In our study, the risk of gestational diabetes was linearly associated with maternal age and significantly increased beyond the cutoff age of 25 years, which is similar to that previously reported in nulliparous women.[7] Lao et al[23] reported that the risk in women aged 25 to 29 years increased 2.59 times compared to that in women aged 20 to 24 years. Our results also demonstrated two-fold increased risk in nulliparous and multiparous women at cutoff ages of 27 and 29 years, respectively. As the average childbearing maternal age is 28.2 years in China, the cutoff age of 30 years should be considered in clinical practice for stronger prevention, screening, and intervention strategies.

Our study demonstrated that the statistical and clinical cutoff ages for hypertensive disorder in pregnancy were younger in multiparous women (27 and 31 years, respectively) than in nulliparous women (31 and 37 years, respectively). Most previous studies had focused on nulliparous women to investigate the influence of maternal age on hypertensive disorders[6,12]; however, only few have focused on the effects of parity. Ngowa et al[24] reported that the risk of pre-eclampsia increased by 2.4 times in multiparous women older than 40 years as compared to that in women aged 20 to 29 years, with similar risks in nulliparous women. This disparity may be attributable to the variations in the etiology of hypertension disorders between nulliparous and multiparous women. Alterations in maternal immune adaption are generally believed to cause pregnancy complications like pre-eclampsia because maternal immunity has to adapt and tolerate the invasion of allogeneic feto-placental tissue during the first pregnancy and less so in subsequent pregnancies.[25] Pre-eclampsia in nulliparous women was more likely to be associated with disruption of the maternal immune adaption than that in multiparous women.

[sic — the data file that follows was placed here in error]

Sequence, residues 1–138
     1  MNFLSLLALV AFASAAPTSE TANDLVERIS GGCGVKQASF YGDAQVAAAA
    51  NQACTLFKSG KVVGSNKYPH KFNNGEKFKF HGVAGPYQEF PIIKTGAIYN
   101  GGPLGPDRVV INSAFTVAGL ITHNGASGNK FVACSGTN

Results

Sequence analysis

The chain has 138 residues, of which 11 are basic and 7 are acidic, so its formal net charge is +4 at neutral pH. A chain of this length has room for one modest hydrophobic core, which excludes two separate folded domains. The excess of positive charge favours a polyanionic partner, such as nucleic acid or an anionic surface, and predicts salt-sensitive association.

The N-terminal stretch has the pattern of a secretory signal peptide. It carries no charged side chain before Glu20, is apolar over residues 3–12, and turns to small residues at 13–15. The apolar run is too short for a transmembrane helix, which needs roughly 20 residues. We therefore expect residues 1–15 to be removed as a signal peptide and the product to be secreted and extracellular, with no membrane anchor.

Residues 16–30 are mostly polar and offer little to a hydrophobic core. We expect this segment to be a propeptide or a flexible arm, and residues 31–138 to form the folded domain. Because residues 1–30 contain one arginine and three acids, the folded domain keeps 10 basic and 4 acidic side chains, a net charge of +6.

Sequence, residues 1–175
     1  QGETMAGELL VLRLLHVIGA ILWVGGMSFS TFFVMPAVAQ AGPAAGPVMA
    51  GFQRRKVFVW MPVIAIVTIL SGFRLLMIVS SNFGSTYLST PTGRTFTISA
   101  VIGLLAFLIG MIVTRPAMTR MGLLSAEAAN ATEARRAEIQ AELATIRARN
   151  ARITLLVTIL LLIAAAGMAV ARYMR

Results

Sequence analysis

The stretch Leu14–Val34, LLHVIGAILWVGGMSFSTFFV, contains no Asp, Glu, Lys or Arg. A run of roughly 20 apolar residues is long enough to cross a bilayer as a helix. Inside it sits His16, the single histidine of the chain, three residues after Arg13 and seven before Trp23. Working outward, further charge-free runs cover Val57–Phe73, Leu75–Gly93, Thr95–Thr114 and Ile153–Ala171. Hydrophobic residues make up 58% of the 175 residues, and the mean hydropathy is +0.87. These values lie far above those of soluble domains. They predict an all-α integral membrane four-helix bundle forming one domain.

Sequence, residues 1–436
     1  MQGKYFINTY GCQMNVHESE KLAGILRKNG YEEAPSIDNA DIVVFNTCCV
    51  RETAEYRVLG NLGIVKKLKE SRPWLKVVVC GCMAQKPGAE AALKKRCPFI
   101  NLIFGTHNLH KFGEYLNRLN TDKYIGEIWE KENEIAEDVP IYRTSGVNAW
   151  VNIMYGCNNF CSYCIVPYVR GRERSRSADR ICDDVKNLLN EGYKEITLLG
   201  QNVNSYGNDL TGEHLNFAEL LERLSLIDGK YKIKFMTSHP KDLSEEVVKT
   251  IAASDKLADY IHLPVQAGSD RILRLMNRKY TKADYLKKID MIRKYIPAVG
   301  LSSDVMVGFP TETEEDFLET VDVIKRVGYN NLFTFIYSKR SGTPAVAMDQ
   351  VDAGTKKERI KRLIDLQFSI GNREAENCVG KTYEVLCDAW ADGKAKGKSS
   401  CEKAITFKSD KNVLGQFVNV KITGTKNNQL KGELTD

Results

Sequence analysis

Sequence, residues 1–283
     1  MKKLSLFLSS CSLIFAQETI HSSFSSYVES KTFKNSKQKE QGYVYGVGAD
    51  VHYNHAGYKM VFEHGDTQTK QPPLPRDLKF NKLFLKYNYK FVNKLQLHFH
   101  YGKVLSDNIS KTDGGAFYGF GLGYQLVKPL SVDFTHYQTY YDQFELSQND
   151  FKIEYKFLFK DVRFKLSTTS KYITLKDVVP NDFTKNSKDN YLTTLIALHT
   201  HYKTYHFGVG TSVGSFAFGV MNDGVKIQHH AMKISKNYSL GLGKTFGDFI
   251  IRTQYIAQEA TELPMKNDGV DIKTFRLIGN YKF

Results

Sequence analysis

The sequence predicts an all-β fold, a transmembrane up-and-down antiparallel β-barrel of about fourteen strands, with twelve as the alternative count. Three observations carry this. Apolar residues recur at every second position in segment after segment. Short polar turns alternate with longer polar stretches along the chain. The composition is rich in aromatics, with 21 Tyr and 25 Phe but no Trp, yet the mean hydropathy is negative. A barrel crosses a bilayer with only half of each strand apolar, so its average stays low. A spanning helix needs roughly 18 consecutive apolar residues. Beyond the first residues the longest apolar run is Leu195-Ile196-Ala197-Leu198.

This study has some limitations. First, some potential confounders, such as body weight index, medical history, use of assisted conception, and smoking history, were not adjusted because of limited data. Second, pregnancy complications or adverse pregnancy outcomes with low incidence (<1%) were not included in the final analysis. Third, women aged no less than 41 years were categorized into one group because of the small number of participants; further studies are needed to more accurately identify the threshold ages in women over 41 years. Fourth, our data from different centers may have some internal heterogeneity in diagnostic criteria, which may have resulted in some bias. However, the diagnoses at each center were mostly based on the temporary domestic diagnostic criteria and the data extraction was performed by trained doctors to reduce the bias. We adjusted for the location of the hospital to eliminate the effects of center bias on our results.

Furthermore, the age at delivery was used instead of the age at fertilization as the maternal age in the study because of the limitations of the data source. However, this does not affect our conclusions due to the following reasons. First, most of the outcomes studied occur in the third trimester, close to the age at delivery. Second, the age at delivery was the same as, or 1 year older than, the age at fertilization when recorded as an integer. Moreover, 2-year age groups were employed in this study. Therefore, the difference in the definition of maternal age may only lead to a slightly older clinically cutoff age than what has been reported here; therefore, our finding that the risk of some adverse outcomes may reach clinical significance before 35 years of age remains valid.